Hinderink et al. , Sanchez-Cuadrado et al. [19, 20], and Ottaviani et al.  compared acute preoperative NCIQ results of CI candidates with then-test results of experienced CI users, i.e. results from different groups of subjects. Hinderink et al.  inferred a strong agreement between answers from the retrospectively and the acutely questioned groups regarding preoperative QoL. However, from their published data it can be concluded that basic and advanced sound perception scores from the two groups were significantly different. Based on Hinderink et al. , Sanchez-Cuadrado et al. [19, 20] and Ottaviani et al.  validated Spanish and Italian language versions of the NCIQ, using a similar method of two distinct subject groups. Olze et al.  questioned experienced elderly CI patients acutely regarding their current QoL and retrospectively regarding their preoperative QoL, i.e. a single group was questioned twice. They discussed their participants’ pre-CI state data as possibly contaminated by recall bias, while referencing Hinderink et al.  with their inferred strong agreement between results.
Considering this state of the literature and because within-subject RS was never studied in CI, we found it important to investigate whether it exists also in this group of patients. This could provide valuable information for preoperative counseling, improve realistic expectations, and help in cost-effectiveness analyses.
The null hypothesis of this study was that participants’ preoperative acute scores and their retrospective then-test scores do not differ, i.e. no RS exists. To our knowledge, this is the first study investigating whether there is a RS in assessing CI users’ QoL.
This prospective longitudinal monocentric study comprised a retrospective component. It was approved by the ethics committee of the Technical University of Munich (272/20 S). The CI rehabilitation timeline within our clinic is: diagnostics, surgery, device activation, basic and advanced system fitting, speech therapy, medical care for at least one year, and aftercare once a year thereafter. All participants gave their informed written and verbal consent prior to their inclusion in the study.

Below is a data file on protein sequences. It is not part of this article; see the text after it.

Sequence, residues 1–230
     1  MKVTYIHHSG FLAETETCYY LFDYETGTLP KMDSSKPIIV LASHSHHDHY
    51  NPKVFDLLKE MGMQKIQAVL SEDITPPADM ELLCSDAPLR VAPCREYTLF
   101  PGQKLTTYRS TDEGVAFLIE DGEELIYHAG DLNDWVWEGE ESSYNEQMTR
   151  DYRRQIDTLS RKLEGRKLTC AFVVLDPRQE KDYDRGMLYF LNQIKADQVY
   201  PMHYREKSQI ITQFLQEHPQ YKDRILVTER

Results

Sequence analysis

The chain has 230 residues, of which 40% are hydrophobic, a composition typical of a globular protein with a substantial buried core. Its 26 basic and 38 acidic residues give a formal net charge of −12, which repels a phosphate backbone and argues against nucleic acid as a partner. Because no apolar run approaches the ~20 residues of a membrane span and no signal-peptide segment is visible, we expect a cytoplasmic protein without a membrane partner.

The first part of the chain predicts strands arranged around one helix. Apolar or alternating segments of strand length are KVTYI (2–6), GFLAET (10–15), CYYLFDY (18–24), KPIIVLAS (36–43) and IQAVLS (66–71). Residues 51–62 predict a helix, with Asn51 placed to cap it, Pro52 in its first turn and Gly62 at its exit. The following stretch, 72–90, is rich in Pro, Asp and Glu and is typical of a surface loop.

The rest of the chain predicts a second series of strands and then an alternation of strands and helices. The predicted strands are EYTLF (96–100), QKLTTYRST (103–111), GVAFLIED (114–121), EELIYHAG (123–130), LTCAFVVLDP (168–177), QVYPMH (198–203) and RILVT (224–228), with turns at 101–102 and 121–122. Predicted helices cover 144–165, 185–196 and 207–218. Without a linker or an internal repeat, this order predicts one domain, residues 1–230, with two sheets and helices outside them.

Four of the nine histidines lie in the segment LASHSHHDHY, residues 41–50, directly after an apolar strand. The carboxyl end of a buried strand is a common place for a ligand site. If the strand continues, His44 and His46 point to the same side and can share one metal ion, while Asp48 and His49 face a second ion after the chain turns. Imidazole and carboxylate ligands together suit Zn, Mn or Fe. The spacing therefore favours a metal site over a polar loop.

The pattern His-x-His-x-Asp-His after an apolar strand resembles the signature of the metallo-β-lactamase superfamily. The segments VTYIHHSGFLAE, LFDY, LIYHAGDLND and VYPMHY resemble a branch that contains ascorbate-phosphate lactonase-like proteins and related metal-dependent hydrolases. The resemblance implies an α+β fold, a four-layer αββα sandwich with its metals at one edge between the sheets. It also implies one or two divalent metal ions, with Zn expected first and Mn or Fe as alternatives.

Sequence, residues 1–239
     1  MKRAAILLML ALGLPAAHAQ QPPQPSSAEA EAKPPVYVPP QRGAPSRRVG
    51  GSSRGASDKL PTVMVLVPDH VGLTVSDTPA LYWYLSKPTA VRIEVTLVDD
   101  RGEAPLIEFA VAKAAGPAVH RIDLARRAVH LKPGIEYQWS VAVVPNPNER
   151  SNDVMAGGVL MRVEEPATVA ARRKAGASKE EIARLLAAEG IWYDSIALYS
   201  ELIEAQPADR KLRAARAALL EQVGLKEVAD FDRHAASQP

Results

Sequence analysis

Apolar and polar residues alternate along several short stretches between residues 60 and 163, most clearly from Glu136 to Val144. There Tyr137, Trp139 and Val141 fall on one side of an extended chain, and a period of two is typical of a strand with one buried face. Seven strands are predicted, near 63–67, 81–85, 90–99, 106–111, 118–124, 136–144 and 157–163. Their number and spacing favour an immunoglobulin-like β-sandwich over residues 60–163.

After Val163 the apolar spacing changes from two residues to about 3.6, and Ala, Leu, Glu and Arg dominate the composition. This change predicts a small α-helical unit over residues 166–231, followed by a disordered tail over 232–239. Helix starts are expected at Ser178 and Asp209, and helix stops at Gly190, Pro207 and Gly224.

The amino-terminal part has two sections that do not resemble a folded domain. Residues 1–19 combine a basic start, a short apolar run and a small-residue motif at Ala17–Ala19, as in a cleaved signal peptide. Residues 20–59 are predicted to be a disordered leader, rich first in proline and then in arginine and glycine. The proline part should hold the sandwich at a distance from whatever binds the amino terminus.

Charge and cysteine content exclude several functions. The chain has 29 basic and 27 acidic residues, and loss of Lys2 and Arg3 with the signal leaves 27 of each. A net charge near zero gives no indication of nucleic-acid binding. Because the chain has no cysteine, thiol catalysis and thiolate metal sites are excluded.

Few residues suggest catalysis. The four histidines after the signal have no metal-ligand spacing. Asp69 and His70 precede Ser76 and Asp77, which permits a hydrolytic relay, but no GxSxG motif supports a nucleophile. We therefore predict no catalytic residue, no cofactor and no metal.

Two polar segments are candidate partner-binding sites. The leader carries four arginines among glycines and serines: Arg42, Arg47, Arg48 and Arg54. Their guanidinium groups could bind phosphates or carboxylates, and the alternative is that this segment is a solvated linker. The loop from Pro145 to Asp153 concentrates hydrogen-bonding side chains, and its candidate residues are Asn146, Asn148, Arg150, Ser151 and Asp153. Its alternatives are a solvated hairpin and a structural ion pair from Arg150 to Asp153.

Based on data from Olze et al. , we performed an a-priori power calculation for the required number of subjects, for a matched pairs Wilcoxon signed-rank test and normal distribution. Assuming means of 35 and 50, and standard deviations of 20 for both pre- and post-operative acute data, which all are conservative values given the data from Olze, a correlation of 0.7, a required alpha of 0.5 and a power (1-beta) of 0.9, we arrived at a required total sample size of fourteen.
We recruited nineteen postlingually deafened adults implanted between 2018 and 2019 who had also completed acute preoperative NCIQ. Two CI users refused to complete the then-test, arguing, that they had benefited from a hearing aid before the operation and they therefore would not be able to recall the preoperative state well enough. They were not included in the study group. Seventeen participants (n = 17) completed all study tasks.
All seventeen participants answered the NCIQ before (time t0) and after (time t1) the surgical procedure. At time t1, i.e., after implantation, activation of the device, and sufficient hearing experience of at least six months of use, both now (post-t1) and then-tests (pre-t1) were completed. The preoperative acute testing at t0 took place in the clinic shortly before implantation by filling out the NCIQ forms on paper. The retrospective and acute testing at t1 was sent by mail due to the COVID-19 pandemic. For pre-t1 testing (then-test), participants were asked to temporarily deactivate their CI and thus restore the state from before the implantation to better recall the earlier situation. Users can deactivate their CI at any time and usually do so daily, if only for sleep.
We used the then-test method for detecting RS, because we consider our group of patients well-suited to overcome one potential limitation of this method, namely the sensitivity to recall bias, by temporarily deactivating the implant. This could lead to more reliably assessing the RS effect size. Besides other clinical studies, most relevantly to our study, Joore et al.  in the field of hearing aids also employed the then-test, which renders our results suited for comparison. Other established methods to detect RS are based on various applications of regression analysis, which are not suited well for our relatively small group of participants.